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Journal Article

Oxygen dynamics and transport in the Mediterranean sponge Aplysina aerophoba

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Hoffmann,  F.
HGF MPG Joint Research Group for Deep Sea Ecology & Technology, Max Planck Institute for Marine Microbiology, Max Planck Society;

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Roy,  H.
HGF MPG Joint Research Group for Deep Sea Ecology & Technology, Max Planck Institute for Marine Microbiology, Max Planck Society;

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De Beer,  D.
Permanent Research Group Microsensor, Max Planck Institute for Marine Microbiology, Max Planck Society;

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Citation

Hoffmann, F., Roy, H., Bayer, K., Hentschel, U., Pfannkuchen, M., Bruemmer, F., et al. (2008). Oxygen dynamics and transport in the Mediterranean sponge Aplysina aerophoba. Marine Biology, 153(6), 1257-1264.


Cite as: https://hdl.handle.net/21.11116/0000-0001-CDA0-3
Abstract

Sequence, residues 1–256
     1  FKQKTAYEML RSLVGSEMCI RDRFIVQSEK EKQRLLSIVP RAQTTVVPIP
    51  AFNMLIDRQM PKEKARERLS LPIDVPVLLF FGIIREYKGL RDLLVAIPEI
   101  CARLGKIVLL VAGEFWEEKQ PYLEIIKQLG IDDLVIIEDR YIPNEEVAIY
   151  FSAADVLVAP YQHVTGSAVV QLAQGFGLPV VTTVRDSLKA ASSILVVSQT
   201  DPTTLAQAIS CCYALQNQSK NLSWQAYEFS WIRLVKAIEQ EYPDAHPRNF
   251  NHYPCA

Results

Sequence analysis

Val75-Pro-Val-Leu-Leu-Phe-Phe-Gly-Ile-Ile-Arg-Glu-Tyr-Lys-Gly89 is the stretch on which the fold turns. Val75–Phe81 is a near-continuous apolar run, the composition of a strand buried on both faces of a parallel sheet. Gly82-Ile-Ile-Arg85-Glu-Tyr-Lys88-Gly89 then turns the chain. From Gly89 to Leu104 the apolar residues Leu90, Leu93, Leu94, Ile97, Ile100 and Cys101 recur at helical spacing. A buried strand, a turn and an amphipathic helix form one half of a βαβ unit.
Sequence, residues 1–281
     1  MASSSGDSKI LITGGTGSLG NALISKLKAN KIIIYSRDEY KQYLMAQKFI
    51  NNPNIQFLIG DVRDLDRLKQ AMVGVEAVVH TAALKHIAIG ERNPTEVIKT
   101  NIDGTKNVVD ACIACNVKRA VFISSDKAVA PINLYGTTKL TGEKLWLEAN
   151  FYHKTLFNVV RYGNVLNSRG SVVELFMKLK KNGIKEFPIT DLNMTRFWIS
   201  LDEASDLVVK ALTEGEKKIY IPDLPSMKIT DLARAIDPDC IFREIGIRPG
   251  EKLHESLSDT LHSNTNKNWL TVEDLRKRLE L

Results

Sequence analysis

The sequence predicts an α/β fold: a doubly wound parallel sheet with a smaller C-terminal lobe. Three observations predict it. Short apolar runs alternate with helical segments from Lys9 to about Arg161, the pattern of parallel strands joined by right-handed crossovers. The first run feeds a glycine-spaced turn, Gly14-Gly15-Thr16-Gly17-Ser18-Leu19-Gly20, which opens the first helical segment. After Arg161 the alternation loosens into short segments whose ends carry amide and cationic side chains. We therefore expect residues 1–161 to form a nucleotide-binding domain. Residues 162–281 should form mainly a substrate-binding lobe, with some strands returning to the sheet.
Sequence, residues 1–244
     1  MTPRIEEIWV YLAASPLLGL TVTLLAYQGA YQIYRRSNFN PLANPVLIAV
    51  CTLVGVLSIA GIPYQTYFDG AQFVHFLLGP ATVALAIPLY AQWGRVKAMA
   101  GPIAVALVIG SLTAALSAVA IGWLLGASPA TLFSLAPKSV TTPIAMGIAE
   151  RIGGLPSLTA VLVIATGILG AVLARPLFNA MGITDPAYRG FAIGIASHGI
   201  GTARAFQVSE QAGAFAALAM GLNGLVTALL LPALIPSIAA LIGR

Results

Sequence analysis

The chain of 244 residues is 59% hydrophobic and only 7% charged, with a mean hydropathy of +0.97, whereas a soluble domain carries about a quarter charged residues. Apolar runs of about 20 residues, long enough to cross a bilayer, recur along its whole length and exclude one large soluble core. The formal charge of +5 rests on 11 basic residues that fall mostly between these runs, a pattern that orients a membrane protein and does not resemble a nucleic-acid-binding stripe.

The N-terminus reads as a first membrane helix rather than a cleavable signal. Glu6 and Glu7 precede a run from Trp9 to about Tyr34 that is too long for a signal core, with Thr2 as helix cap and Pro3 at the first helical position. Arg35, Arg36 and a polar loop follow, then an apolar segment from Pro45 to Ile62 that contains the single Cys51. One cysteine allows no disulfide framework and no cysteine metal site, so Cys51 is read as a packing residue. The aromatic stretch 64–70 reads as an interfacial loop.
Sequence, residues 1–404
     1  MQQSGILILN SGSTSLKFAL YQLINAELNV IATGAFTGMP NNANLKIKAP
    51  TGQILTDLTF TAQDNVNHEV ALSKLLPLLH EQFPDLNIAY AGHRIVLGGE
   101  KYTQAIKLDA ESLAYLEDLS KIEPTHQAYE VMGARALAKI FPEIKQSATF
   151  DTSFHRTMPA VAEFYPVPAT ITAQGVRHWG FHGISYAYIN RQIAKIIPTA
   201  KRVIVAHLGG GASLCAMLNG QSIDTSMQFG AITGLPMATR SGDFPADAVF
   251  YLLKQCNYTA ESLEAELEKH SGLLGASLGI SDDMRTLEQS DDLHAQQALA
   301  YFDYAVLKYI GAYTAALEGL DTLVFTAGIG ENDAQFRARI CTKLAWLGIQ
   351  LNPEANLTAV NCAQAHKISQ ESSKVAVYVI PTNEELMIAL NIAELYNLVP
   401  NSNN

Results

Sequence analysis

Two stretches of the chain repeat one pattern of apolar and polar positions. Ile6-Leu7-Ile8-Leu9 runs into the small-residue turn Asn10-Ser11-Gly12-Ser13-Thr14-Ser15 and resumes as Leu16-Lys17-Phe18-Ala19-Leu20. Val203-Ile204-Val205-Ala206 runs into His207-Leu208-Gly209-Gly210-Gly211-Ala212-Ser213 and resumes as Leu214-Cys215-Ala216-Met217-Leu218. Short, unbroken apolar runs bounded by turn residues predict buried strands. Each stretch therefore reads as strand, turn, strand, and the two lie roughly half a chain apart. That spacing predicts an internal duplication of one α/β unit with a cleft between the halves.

The Mediterranean sponge Aplysina aerophoba kept in aquaria or cultivation tanks can stop pumping for several hours or even days. To investigate changes in the chemical microenvironments, we measured oxygen profiles over the surface and into the tissue of pumping and non-pumping A. aerophoba specimens with Clark-type oxygen microelectrodes (tip diameters 18–30 μm). Total oxygen consumption rates of whole sponges were measured in closed chambers. These rates were used to back-calculate the oxygen distribution in a finite-element model. Combining direct measurements with calculations of diffusive flux and modeling revealed that the tissue of non-pumping sponges turns anoxic within 15 min, with the exception of a 1 mm surface layer where oxygen intrudes due to molecular diffusion over the sponge surface. Molecular diffusion is the only transport mechanism for oxygen into non-pumping sponges, which allows total oxygen consumption rates of 6–12 μmol cm−3 sponge day−1. Sponges of different sizes had similar diffusional uptake rates, which is explained by their similar surface/volume ratios. In pumping sponges, oxygen consumption rates were between 22 and 37 μmol cm−3 sponge day−1, and the entire tissue was oxygenated. Combining different approaches of direct oxygen measurement in living sponges with a dynamic model, we can show that tissue anoxia is a direct function of the pumping behavior. The sponge-microbe system of A. aerophoba thus has the possibility to switch actively between aerobic and anaerobic metabolism by stopping the water flow for more than 15 min. These periods of anoxia will greatly influence physiological variety and activity of the sponge microbes. Detailed knowledge about the varying chemical microenvironments in sponges will help to develop protocols to cultivate sponge-associated microbial lineages and improve our understanding of the sponge-microbe-system.